Magnus Johansson is professor of biomedicine. He researches the tick-borne encephalitis virus (TBEV) and studies how the underlying mechanisms affect the progression of the TBE viral infectious disease. The aim is to find ways of preventing and treating infections caused by flaviviruses.
- 1969 Born in Gothenburg, Sweden
- 1998 Obtained his PhD in biochemistry at Stockholm University with his thesis Regulation of ammonium assimilation and nitrogen fixation in photosynthetic bacteria.
- 2007 Docent in biochemistry at Södertörn University
- 2017 Professor of biomedicine at Örebro University
His thesis concerns biological nitrogen fixation – the process where bacteria convert nitrogen to ammonia, an essential building block for proteins and DNA. This process is a vital factor in the development of life on Earth.
“By understanding and using nitrogen fixation bacteria better, agriculture can avoid fertilising with industrial-produced nitrogen. This is a form of nitrogen that is more volatile, and can to a greater extent make their way into our lakes and seas, polluting our environment and causing algae bloom due to excess fertilisation.”
After the public defence of his doctoral thesis, Magnus Johansson moved to Queensland, Australia to research molecular virology having been awarded a post-doctoral fellowship at James Cook University.
“I changed my research specialisation and studied the dengue virus, a mosquito-borne flavivirus that causes severe and haemorrhagic fever in large parts of the world.”
Focusing on the viral replication protein NS5, he studied how it combines with other virus proteins and with other host cell factors. Upon returning to Sweden, he worked as a research fellow, a position funded by the Swedish Research Council, and established a research group at Stockholm University.
“I continued to study flavivirus, but instead of Dengue we studied the tick-borne encephalitis virus (TBEV).”
The flavivirus family contains several different virus species such as the dengue, TBE and Zika viruses. Each year over 200 persons in Sweden are infected by the TBE virus. The disease does not respond to antibiotics, and currently, there is no cure.
“To develop a treatment and design new vaccines, we need to understand the virus's mechanisms."
Magnus Johansson has shown that TBE NS5 plays a significant role in the virus's capacity to block a part of our innate immune system. He has also connected several cellular functions of NS5 to specific interactions with cellular polarity proteins. These proteins regulate the host cell’s structure and function, and the viral effect could have direct links to the damage and changes the virus causes in the cell, which may explain some of the progression of the disease in infected patients.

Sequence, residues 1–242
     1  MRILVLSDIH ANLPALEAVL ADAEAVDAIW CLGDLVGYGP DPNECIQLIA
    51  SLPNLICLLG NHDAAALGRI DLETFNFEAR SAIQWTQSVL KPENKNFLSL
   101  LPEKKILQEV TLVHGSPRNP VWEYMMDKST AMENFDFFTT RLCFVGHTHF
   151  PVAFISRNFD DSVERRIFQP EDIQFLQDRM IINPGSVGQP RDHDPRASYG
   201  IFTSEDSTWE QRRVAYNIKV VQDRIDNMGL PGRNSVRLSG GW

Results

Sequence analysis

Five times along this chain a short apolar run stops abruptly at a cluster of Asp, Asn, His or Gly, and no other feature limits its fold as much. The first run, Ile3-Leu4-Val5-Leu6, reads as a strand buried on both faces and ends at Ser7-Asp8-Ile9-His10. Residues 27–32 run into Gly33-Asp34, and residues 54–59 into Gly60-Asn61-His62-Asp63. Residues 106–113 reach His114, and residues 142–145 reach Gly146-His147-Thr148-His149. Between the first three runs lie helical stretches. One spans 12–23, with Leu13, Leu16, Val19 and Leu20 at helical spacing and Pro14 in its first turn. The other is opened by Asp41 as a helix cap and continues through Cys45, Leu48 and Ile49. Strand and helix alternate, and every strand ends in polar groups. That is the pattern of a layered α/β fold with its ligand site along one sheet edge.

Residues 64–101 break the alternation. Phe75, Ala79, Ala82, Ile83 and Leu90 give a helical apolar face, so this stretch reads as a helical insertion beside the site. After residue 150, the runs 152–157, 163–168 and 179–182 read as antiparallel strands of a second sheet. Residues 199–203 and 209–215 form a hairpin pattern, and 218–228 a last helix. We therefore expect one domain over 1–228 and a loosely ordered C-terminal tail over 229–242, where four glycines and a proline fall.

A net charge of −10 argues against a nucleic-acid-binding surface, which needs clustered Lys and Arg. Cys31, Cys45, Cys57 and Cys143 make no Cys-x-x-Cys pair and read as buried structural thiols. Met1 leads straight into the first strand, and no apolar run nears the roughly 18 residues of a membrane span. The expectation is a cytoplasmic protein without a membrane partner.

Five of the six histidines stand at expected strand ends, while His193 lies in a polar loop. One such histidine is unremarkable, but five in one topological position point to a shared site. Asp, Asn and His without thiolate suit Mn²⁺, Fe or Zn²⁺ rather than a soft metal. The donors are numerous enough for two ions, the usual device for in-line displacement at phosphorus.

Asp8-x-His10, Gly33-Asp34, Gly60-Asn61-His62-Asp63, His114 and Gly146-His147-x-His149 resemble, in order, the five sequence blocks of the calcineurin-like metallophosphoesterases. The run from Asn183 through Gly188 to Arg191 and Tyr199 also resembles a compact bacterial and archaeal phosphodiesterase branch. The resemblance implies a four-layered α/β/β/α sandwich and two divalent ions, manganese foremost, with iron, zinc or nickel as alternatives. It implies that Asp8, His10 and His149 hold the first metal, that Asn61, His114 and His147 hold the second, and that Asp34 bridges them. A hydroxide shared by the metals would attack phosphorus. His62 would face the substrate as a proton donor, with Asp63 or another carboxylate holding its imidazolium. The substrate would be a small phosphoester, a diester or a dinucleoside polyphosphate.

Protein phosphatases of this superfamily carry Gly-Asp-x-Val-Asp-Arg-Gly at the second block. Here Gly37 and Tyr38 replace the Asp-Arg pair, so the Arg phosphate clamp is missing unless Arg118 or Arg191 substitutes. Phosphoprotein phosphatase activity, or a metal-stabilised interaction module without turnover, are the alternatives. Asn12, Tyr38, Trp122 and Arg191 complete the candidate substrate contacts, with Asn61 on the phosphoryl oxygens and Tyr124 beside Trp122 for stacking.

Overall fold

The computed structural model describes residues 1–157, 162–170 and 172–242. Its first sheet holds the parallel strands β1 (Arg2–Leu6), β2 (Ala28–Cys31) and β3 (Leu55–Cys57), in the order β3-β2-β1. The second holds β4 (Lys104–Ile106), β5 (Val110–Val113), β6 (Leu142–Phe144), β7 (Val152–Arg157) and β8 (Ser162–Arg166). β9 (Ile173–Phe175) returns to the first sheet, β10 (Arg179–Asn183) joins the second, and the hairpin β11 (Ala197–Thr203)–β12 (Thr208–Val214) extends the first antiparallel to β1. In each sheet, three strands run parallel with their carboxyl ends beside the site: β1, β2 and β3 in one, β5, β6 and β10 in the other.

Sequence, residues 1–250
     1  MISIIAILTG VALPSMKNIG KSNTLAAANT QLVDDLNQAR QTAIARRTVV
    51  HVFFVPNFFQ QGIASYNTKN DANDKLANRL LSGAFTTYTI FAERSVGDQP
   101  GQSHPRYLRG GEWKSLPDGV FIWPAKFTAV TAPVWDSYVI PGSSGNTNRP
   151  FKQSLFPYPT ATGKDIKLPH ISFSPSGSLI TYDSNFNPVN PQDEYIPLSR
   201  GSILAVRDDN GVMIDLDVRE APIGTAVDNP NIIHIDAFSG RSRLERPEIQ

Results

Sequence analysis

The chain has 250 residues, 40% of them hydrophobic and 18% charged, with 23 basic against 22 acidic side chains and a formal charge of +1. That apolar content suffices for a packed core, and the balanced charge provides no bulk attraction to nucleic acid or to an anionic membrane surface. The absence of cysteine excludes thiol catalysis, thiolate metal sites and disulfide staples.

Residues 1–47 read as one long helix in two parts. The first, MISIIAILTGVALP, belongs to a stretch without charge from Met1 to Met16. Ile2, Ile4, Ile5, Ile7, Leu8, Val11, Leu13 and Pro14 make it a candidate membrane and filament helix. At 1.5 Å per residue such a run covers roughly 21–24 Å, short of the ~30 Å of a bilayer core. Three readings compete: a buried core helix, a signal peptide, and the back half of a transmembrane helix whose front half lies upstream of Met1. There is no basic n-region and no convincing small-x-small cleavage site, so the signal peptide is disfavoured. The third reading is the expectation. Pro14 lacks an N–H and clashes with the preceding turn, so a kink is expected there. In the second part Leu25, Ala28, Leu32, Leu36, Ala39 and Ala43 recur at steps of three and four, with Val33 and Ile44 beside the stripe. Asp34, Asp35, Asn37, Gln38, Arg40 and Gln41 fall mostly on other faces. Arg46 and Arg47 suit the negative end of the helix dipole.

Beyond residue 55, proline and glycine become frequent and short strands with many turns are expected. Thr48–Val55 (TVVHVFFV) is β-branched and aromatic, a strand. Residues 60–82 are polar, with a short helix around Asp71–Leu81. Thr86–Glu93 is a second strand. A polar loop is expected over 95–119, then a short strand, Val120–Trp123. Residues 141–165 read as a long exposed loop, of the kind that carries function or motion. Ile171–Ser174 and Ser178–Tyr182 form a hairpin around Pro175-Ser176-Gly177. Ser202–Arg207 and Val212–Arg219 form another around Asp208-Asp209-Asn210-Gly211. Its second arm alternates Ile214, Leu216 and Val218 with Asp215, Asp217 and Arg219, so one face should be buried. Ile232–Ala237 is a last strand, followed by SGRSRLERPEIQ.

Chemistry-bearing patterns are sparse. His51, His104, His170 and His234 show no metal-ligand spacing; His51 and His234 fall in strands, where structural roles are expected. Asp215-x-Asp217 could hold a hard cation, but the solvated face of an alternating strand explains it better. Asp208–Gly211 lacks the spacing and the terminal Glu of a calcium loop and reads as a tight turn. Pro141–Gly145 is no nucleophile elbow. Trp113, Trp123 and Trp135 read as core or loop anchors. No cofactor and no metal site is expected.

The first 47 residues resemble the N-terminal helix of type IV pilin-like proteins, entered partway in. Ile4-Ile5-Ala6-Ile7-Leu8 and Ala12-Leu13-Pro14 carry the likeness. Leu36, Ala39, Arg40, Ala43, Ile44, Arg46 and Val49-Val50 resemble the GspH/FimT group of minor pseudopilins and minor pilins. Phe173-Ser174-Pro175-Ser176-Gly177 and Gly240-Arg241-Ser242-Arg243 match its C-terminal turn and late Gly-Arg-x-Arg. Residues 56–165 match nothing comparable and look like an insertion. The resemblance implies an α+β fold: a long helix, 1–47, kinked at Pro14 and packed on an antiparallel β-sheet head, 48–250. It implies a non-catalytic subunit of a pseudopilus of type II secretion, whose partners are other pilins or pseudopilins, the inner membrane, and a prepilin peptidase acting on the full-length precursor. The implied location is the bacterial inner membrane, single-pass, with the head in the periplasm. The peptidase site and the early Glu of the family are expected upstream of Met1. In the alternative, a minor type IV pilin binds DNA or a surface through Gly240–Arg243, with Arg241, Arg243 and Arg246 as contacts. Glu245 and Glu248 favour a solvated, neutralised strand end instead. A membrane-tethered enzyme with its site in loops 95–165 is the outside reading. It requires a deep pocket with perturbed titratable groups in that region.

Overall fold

“I’ve continued to focus on NS5, which is an essential protein in the replication process; in other words, it is essential for the virus’s ability to reproduce.
To study how a virus replicates itself, researchers construct several models. Weakened TBE virus mutants are created using these models, which in the long-term may be used to develop a new vaccine and could provide long-lasting immunity with fewer doses.
Research is needed because changes in the climate and environment allow ticks and the tick-borne viruses to spread to new areas. In a new project, Magnus Johansson will investigate the existence of TBE antibodies in milk.
"We want to see which strains of the virus are circulating in Scandinavia, how they spread to new regions and to identify ‘TBE hot spots’."
Parallel to his research, Magnus Johansson has worked to develop the courses and study programmes. At Södertörn University he was responsible for the subjects biochemistry and cell biology, and developed a broad Master’s programme on the theme “Infectious disease control”, together with the Swedish Institute for Infectious Disease Control. In 2012, he began at Örebro University.
“Here, I’ve helped in establishing the programme in medicine and have enjoyed new challenges as a biomedical scientist specialising in biochemistry.”
Magnus Johansson is interested in academic leadership at all levels. He has completed several leadership programmes and since 2015, he is deputy head of the School of Medical Sciences.